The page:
Bill Nye debates Ken Ham.
Fur seals can switch off and on R.E.M. sleep when they're in the sea and on land, a pattern never seen before. Scientists believe it might mean R.E.M. sleep helps generate heat in our skulls, like shivering for the brain.
Vice President Mike Pence at the National Space Council’s first meeting in Chantilly, Va., in October.
An arctic fox near Helagsfjället mountain in Sweden. Foxes in the area were severely inbred until three males from a Norwegian captive breeding population turned up.
A sauropod footprint found in Scotland was among several that included tracks left by smaller, two-legged meat-eaters. Their presence together upends a theory that the larger plant-eaters waded into shallow, muddy waters to evade predators.
Sudan, the last male northern white rhino, who died in March.
Dr. Mark Willenbring at his Alltyr outpatient clinic for substance abuse in St. Paul.
A helicopter from the nearby Chinese icebreaker Xue Long arrived to pick up the first batch of passengers from the stranded Russian ship Akademik Shokalskiy.
Researchers at the University of Glasgow studied physiological indicators of stress in clown fish living with bleached anemones, a result of warming temperatures and other environmental disturbances.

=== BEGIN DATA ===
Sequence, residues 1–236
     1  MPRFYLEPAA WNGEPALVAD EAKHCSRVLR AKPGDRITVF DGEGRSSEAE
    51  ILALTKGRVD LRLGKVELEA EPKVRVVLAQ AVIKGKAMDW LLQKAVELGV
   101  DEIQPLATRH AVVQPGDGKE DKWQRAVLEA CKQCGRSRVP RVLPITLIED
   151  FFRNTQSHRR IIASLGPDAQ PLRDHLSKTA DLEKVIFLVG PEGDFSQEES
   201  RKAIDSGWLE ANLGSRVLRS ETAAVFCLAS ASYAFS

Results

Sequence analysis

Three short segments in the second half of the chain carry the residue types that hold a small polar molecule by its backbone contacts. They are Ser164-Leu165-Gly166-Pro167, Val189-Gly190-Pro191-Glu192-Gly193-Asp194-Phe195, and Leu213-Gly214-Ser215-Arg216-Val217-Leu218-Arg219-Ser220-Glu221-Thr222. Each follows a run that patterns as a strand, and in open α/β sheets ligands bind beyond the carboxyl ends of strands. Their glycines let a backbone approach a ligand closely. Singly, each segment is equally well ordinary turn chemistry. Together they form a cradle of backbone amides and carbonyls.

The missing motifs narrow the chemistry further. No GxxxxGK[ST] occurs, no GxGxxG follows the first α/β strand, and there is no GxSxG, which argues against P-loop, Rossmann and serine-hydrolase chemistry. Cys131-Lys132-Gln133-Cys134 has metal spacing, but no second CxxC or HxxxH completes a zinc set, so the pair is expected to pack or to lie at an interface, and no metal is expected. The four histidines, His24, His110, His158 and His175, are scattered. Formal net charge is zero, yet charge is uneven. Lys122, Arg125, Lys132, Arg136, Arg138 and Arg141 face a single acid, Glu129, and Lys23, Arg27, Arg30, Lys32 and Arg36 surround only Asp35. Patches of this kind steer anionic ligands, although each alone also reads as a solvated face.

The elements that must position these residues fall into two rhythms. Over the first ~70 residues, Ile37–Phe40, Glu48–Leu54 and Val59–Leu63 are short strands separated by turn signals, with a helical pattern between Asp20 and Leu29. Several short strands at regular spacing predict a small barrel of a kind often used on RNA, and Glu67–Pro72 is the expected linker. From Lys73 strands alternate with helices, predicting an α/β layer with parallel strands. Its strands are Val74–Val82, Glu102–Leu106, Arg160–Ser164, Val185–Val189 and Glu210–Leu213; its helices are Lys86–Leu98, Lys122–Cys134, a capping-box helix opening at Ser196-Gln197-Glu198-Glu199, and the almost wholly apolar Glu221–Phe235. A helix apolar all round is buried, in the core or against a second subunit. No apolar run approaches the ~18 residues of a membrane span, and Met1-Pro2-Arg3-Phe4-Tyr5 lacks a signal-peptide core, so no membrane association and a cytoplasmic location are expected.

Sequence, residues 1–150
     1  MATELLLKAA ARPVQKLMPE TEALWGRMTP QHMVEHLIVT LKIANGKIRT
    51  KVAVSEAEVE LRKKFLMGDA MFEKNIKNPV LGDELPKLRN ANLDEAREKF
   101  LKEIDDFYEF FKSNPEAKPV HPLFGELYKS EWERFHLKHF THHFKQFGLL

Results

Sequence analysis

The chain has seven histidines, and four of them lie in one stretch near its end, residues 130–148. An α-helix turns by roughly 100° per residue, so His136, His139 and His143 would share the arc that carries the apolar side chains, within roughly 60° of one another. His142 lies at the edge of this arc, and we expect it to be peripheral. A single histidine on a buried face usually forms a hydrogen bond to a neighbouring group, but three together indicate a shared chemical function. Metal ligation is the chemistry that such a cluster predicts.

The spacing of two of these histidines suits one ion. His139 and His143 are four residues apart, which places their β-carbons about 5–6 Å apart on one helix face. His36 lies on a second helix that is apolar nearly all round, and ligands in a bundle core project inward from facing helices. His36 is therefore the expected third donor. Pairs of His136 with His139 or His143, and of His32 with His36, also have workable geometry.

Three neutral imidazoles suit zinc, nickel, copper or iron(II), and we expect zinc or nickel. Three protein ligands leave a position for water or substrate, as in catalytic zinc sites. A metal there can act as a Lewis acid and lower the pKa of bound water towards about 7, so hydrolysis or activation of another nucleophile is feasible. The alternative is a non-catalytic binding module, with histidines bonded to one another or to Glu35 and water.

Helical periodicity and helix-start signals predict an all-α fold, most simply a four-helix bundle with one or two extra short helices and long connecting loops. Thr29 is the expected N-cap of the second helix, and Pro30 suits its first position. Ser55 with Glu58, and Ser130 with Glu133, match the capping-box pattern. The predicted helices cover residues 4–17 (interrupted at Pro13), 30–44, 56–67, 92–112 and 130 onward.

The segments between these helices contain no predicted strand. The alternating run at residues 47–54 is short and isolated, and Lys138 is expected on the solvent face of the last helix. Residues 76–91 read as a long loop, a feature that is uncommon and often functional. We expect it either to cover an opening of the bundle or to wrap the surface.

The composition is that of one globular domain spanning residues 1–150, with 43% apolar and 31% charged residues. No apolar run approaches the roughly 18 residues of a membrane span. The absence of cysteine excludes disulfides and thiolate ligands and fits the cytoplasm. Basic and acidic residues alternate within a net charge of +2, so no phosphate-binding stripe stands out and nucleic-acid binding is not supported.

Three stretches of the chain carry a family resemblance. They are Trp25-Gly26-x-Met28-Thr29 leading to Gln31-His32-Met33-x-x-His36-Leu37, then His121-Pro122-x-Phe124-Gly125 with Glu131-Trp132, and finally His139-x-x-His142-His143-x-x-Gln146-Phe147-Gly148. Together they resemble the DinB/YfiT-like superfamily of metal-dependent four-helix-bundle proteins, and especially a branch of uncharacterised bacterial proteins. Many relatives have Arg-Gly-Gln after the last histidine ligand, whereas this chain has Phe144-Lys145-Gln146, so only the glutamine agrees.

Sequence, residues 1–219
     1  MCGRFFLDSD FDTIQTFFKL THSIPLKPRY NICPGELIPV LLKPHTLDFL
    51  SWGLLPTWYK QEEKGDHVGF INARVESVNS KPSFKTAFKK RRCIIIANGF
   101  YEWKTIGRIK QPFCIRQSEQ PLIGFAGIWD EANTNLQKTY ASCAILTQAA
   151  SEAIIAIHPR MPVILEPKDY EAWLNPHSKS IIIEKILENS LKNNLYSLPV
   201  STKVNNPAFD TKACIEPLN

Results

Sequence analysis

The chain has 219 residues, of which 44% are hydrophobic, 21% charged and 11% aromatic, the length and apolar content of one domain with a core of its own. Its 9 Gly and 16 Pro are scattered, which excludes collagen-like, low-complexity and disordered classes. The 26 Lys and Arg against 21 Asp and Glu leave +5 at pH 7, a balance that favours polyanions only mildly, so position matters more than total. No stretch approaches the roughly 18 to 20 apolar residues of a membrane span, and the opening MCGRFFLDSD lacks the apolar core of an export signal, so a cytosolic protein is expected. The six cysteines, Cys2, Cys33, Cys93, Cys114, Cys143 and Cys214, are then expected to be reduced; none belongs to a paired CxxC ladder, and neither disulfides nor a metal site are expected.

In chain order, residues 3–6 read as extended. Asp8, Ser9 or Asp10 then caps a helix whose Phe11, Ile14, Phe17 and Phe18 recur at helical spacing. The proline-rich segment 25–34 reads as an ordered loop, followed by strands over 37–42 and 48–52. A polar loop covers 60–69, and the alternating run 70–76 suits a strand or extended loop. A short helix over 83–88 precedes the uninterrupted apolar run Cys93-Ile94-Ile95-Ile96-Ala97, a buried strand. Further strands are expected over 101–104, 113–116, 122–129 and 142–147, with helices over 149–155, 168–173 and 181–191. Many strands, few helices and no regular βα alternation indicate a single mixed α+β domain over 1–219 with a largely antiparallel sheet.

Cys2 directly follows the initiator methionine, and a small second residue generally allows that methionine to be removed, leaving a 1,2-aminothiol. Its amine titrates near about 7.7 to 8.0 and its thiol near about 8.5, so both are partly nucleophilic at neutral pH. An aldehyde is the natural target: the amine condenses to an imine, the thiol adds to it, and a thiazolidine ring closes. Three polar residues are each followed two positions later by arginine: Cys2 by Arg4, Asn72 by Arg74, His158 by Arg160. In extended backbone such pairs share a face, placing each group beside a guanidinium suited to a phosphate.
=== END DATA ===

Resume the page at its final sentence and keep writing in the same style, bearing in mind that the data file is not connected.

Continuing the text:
Neil Gershenfeld of the Massachusetts Institute of Technology says that synthetic biology, which involves the creation of biological systems intended for specific purposes, can generate scientific advances as well as ethical questions.
Jon Pace is the discoverer of the largest known prime number, 23.2 million digits long.
A fossilized human jawbone discovered in Israel. The find may suggest that Homo sapiens first migrated out of Africa at least 50,000 years earlier than previously thought.
One of the 2.1 million-year-old artifacts, right, recovered from a gully in western China, left, suggest that hominins may have left Africa far earlier than previously believed.
A lunar eclipse, visible in Sumatra, Indonesia on Saturday, could be seen alongside Mars, which is the closest it's been to Earth in 15 years.
Marco Zozaya in March near his home in Mexico. He aspires to be a science communicator like Neil deGrasse Tyson, but faces the conundrum of internet audiences and algorithms that may prefer drama over scientific information.
A promotional composite image from Knightscope showing the K5 Autonomous Data Machine.
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